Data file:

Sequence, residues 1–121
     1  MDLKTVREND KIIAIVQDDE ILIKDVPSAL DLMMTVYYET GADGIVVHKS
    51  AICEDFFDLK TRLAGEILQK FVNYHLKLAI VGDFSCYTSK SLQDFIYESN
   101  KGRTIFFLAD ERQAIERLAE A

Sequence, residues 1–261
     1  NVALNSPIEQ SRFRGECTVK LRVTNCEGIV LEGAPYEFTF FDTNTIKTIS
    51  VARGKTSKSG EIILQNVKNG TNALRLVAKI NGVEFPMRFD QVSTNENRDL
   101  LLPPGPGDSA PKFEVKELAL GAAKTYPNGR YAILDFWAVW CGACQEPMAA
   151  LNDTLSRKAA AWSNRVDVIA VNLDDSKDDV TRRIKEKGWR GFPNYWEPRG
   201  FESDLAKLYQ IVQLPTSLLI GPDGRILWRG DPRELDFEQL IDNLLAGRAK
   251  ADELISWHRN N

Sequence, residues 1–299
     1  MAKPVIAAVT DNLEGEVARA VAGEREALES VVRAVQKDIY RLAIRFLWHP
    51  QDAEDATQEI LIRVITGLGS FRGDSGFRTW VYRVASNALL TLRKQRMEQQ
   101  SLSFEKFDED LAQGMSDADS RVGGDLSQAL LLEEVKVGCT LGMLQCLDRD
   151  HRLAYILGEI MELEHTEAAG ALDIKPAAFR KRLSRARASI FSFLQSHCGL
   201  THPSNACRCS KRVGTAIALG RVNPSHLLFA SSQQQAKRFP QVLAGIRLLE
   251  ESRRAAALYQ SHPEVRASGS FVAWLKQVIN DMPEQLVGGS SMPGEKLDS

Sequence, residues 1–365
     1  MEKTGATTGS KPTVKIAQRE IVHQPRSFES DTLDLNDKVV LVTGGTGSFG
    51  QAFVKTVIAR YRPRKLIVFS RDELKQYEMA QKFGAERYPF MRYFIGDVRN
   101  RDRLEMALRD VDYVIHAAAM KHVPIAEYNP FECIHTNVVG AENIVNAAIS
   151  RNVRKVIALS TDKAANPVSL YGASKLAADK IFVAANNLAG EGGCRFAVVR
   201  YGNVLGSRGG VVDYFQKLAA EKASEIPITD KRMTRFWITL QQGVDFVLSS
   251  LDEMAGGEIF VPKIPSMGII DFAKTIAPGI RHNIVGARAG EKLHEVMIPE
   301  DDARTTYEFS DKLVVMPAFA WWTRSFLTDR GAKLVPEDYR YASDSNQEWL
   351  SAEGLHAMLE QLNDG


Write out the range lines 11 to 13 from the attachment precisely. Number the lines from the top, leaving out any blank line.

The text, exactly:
   251  ADELISWHRN N

Sequence, residues 1–299
     1  MAKPVIAAVT DNLEGEVARA VAGEREALES VVRAVQKDIY RLAIRFLWHP